ERG SES D 02, Interactive Poster Session
The principle of equal opportunities of education belongs among basic principles of the European Union (EU). According to this principle, every citizen of the EU should have equal access to education. To fulfil the principle, there are several programmes supporting disadvantaged people, such as national minorities and the handicapped. Also, the European Commission introduced an action plan to promote language learning and linguistic diversity in (2003), one of the main objectives of which is developing language learning for persons with special needs. According to WHO, the number of people with visual handicap is 180 mil. worldwide. Because numbers of visually handicapped students in common schools are growing, teaching this specific group of students should stand in the centre of our attention.
Learning strategies are grounded in constructivist theory of learning, which has its roots in constructivism. Cognitive constructivism is tightly connected to Jean Piaget’s genetic epistemology and American cognitive constructivism. Piaget claimed that knowledge is not passively absorbed from the environment, but is constructed via interactions between mental structures and the environment (Labinowitz E., 1980). ‚Children do not apply general cognitive structures on tasks and school education materials, but they construct structures specific for certain context to organize their activities for each task or learning situation in which they are.‘ (Bidell T. R. & Fischer K. W., 1992)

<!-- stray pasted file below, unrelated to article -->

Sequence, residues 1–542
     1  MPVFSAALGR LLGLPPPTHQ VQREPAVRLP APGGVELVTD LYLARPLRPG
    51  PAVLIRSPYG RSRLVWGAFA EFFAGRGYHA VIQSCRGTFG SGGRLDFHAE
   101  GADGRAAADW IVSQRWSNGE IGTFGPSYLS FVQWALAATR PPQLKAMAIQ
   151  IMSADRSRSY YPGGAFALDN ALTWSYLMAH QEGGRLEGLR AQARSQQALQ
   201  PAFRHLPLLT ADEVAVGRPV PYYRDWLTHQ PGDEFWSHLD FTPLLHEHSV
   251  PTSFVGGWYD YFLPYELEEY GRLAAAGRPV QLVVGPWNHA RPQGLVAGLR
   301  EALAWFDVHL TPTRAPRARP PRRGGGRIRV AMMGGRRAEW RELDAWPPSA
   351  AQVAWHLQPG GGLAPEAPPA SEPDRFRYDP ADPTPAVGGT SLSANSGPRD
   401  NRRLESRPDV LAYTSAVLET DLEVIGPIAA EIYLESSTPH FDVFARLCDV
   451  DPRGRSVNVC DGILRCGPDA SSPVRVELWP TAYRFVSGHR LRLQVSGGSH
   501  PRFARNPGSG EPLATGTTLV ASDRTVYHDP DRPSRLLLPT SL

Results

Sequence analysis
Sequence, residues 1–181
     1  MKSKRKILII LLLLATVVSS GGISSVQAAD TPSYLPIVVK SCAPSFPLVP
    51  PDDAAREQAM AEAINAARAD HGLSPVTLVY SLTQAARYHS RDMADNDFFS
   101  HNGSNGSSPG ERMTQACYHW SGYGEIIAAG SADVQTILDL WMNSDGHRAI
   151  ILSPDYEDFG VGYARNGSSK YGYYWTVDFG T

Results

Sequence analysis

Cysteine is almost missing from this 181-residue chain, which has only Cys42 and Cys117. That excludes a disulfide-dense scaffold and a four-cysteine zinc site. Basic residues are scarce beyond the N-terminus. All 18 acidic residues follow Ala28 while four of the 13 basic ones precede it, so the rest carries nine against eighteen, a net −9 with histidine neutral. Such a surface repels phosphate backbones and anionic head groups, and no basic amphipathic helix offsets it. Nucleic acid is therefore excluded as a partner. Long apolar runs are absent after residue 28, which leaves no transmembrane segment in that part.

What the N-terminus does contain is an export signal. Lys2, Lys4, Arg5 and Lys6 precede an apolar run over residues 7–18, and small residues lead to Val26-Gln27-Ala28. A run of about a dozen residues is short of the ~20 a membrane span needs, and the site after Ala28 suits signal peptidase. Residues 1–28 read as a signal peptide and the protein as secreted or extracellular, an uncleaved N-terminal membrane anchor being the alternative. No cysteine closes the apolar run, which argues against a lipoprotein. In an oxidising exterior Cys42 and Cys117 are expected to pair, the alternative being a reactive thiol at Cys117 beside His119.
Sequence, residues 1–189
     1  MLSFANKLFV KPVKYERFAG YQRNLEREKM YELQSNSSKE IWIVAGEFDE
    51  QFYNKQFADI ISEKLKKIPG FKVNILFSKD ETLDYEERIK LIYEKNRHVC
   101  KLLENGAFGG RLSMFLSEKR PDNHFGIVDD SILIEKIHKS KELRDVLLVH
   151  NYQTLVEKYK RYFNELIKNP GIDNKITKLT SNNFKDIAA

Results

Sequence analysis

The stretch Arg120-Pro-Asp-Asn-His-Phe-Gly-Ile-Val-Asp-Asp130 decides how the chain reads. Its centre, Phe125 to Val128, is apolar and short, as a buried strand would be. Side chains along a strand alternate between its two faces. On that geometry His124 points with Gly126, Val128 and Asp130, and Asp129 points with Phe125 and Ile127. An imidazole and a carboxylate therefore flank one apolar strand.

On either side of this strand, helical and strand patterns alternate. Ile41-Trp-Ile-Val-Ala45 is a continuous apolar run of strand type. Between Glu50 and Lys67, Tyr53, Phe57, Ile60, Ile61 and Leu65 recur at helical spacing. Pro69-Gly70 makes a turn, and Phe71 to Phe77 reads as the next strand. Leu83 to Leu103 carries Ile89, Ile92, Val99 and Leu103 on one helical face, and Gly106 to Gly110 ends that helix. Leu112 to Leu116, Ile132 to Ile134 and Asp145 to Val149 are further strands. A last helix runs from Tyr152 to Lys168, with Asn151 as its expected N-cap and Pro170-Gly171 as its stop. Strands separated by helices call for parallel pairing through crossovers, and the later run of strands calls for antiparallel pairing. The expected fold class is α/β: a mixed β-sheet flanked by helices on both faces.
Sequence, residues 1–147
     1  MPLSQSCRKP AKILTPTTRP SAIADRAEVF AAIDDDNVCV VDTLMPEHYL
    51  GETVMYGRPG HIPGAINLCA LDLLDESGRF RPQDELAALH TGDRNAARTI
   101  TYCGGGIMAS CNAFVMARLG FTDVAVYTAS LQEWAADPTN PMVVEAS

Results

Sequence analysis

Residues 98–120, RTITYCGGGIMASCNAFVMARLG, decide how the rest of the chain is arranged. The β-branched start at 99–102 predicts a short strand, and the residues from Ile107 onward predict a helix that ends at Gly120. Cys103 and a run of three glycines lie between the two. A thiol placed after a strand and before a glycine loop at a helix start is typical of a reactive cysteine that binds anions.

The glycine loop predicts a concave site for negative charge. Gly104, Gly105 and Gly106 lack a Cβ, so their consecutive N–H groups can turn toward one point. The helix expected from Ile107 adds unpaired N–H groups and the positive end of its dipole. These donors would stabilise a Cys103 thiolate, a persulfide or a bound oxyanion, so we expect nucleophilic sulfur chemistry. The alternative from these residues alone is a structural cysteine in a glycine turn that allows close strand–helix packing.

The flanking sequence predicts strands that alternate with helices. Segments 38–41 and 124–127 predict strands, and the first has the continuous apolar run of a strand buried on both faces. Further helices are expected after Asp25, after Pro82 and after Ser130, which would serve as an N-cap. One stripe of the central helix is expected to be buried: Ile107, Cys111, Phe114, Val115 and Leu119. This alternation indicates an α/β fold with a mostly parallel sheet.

Language learning strategies (LLS) are complex cognitive skills that are based on one’s cognitive style. Cognitive style is ‘a characteristic way in which people perceive, remember information, think, solve problems and make decisions’ (Tennant, 1998) and is a determinant for one’s learning style. Dörnyei and Skehan define learning style as ‘a typical preference for approaching learning in general’ (2003). A person’s preferred learning style has an impact on the way he learns, in other words, learning styles define learning strategies. LLS are ‘steps taken by the learner to make language learning more successful, self-directed, and enjoyable‘(Oxford, 1990). Oxford says that ‚Language learning styles and strategies are among the main factors that help determine how – and how well – our students learn a second or foreign language.‘ (2003). Numerous researches in LLS have been conducted since the concept of learning strategies emerged in 1960’s (Rubin, 1975, Stern, 1975, Naiman, 1978, Oxford, 1990, Vlčková, 2007, Tragant & Victori, 2012). However, limited number of studies focused on learning strategies in visually impaired learners (Hoz & Alon, 1999, D’Allura, 2002). Having found the lack of knowledge in that scientific field and seeing the need of deeper understanding, we have designed a research that will bring us closer to comprehension of this issue.
The main objective of our research is to identify LLS used by blind university students according to Oxford’s classification of LLS. Secondary goals are to find out what is the influence of visual impairment on LLS choice and usage and suggest application of our findings in teaching practice of visually impaired students of English as a foreign language.
According to the research objectives, we formulated following research questions:
The main research question: Which language learning strategies are used by blind university students learning English language as a foreign language?
1.) Do congenitally blind learners use different LLS to learners blind due to a vision loss?
2.) Are there any LLS that are not used by the blind at all? Which ones?
3.) What are the reasons for not using some of the LLS?
4.) Are there any LLS used by blind learners that were not defined by Oxford and are not included in her classification? Which ones?
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